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Home > Blogs > Anthony Harrington > The FOMC’s first ever press conference has gold setting new records – part 1

The FOMC’s first ever press conference has gold setting new records – part 1

US inflation | The FOMC’s first ever press conference has gold setting new records – part 1 Anthony Harrington

On April 27th the US Federal Reserve held a historic press conference, its first ever such conference after its regular Federal Open Markets Committee rates and policy meeting. The conference consisted of a fairly short and tidy presentation by Fed Chairman Ben Bernanke, followed by a long and rambling press conference in which sensible and nonsensical questions from the press followed each other in short order.

As an instance of a nonsensical question, Bernanke was asked what the Fed intended to do about the price of oil. That question gave the Fed Chairman the chance to explain that the Fed did not actually command any significant oil reserves, unlike the Saudis, so couldn’t actually impact the price directly, but sympathized greatly all the same with the poor American motorist who could no longer afford to drive a gas guzzling, old technology, US-made vehicle (not exactly his words, but a reasonable summary).

The business of the meeting can be summed up as no rate change, no particular anxiety over inflation and no more Quantitative Easing 2 after its scheduled end in June. At one point during the press Q&A session Bernanke was thanked by a journalist for holding this first ever post-rate-decision thrash, and then asked by the same journalist if he and the Fed were not just the least bit bothered by the idea that some off the cuff answers during the Q&As would send the markets into a tizzy. Not in so many words, of course, but that was the nub of the question.

Bernanke answered that the Fed had indeed pondered this risk long and hard, but had decided that in the interests of greater transparency it was a risk worth taking. His answer completely slid over the fact that the Fed had not developed this huge love of transparency until Congress, peeved at the Fed’s less than competent oversight of the crash and worried about Fed backroom deals with banking buddies through the bailout phase, demanded greater transparency.

Since then, transparency has been very high on the Fed’s list of what makes for a good central bank – right up there along with executing its dual mandate of price stability and full employment. One can wonder if all those calls by various politicians and commentators for the Fed’s abolition might have played some small part in the Fed’s newfound desire to be better understood. But be that as it may, greater transparency, whatever source it springs from, has to be applauded.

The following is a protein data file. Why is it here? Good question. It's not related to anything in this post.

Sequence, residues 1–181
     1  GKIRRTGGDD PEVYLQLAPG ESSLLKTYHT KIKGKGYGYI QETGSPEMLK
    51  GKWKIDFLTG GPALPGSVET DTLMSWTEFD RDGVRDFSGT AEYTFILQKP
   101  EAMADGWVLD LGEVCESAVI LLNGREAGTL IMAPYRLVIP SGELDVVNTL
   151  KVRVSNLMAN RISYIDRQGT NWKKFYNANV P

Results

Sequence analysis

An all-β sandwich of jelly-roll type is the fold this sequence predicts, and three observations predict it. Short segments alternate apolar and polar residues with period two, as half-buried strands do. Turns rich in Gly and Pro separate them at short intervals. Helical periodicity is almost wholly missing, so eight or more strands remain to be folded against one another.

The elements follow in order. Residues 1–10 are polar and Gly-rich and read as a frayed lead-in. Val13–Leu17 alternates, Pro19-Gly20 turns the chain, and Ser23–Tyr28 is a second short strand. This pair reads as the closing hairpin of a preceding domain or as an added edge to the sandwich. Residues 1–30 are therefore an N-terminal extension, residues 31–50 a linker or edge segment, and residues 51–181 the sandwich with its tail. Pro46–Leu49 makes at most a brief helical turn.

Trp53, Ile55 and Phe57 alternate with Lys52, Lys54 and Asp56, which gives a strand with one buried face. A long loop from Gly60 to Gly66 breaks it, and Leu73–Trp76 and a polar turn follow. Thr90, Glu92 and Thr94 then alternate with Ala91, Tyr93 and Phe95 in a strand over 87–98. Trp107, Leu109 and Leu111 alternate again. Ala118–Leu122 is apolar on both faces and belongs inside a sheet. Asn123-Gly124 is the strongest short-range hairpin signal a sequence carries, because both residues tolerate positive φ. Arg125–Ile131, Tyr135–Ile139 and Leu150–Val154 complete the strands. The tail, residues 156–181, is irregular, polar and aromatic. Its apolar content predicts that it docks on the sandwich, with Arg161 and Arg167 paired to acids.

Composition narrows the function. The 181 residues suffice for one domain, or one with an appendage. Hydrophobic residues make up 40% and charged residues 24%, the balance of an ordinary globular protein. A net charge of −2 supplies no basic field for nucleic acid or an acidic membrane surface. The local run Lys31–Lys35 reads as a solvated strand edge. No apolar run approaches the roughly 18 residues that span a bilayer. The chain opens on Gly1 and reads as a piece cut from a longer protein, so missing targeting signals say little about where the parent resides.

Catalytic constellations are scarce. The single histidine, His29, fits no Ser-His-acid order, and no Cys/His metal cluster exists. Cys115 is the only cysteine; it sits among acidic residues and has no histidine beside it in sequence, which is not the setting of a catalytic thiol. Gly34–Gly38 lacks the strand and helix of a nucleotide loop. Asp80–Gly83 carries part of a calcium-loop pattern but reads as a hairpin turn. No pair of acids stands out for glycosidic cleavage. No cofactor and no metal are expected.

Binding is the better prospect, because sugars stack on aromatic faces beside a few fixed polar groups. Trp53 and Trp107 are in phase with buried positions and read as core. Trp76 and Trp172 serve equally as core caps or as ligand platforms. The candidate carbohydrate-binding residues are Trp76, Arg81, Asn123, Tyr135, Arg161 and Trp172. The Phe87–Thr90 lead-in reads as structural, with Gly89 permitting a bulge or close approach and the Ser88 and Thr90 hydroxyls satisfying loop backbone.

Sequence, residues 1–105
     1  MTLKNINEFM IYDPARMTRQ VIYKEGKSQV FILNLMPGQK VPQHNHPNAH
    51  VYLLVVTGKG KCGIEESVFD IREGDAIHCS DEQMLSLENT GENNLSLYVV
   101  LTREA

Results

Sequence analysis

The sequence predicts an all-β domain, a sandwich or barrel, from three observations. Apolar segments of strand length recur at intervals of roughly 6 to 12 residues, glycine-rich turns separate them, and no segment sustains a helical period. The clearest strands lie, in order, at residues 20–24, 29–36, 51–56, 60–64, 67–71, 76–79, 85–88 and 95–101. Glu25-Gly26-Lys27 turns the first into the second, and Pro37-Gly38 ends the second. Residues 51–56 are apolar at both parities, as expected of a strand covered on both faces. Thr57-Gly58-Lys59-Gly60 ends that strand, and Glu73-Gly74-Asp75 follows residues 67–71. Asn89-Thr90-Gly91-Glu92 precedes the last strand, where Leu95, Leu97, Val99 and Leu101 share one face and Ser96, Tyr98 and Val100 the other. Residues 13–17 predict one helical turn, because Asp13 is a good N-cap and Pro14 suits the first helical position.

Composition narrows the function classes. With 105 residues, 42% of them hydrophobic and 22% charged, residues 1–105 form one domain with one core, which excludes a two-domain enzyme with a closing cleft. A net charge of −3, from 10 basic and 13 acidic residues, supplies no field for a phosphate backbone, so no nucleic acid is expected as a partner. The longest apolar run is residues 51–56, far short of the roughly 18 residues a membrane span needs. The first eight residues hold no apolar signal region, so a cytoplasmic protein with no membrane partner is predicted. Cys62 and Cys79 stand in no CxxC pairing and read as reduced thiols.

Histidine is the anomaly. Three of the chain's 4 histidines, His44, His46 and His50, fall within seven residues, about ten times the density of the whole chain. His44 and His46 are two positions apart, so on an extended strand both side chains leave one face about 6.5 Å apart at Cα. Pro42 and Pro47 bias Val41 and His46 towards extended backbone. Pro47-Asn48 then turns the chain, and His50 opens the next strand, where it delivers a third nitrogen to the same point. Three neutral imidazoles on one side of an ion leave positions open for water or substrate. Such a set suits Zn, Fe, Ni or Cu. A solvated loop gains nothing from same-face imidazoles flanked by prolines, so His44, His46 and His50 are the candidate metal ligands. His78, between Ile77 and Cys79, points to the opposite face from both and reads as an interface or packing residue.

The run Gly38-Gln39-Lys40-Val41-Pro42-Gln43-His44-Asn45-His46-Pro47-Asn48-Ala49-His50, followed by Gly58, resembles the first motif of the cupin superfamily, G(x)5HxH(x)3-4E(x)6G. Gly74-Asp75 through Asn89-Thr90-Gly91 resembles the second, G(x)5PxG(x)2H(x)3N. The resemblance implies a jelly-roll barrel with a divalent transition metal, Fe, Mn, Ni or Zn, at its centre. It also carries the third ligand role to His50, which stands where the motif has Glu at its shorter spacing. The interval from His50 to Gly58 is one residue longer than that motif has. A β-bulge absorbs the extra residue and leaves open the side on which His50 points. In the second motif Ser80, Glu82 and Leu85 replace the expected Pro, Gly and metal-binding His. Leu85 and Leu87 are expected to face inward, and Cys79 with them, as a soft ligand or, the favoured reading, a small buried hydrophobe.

Investors clearly tuned in to the conference and made their decisions rather rapidly as Bernanke was speaking. Almost as soon as it became clear that rates would stay untouched investors concluded that the dollar weakness would continue. They also appeared to disagree with the Fed Chairman’s assessment that US inflation, while somewhat uncomfortably above the Fed’s mandated level at present, was a transitory phenomenon that would drop back to the target levels of around 2% relatively soon.

Gold, the traditional hedge against inflation, immediately began climbing, ending that historic day by setting new records above $1500 an ounce. Silver too, shot off like an Olympic sprinter. As Larry Kudlow put it in a piece on, the markets saw that “Mr. Bernanke had no defence of the sinking dollar, or the inflation it brings, or the drop in middle-class living standards it causes – so it is little surprise that gold prices surged $24 to $1,526 during the Fed chairman’s press conference.” Kudlow sums it up thus:

"Mr. Bernanke just doesn’t get that inflation-sensitive market-price indicators – like rising gold, oil and commodity indexes, and the falling dollar exchange rate – are trying to signal higher future inflation. Instead of listening to the markets, he is determined to fight them. This is a losing battle. Instead of a market-price rule (anchored by gold) we have some sort of Bernanke fine-tuning rule. It’s not working.”

The press were, of course, also intensely interested in the Fed chairman’s view of long term unemployment, but we’ll deal with that in part 2.

Further reading on fiscal deficits and US inflation:

Tags: Ben Bernanke , Federal Reserve , FOMC , gold , gold price , inflation , recession , slow growth
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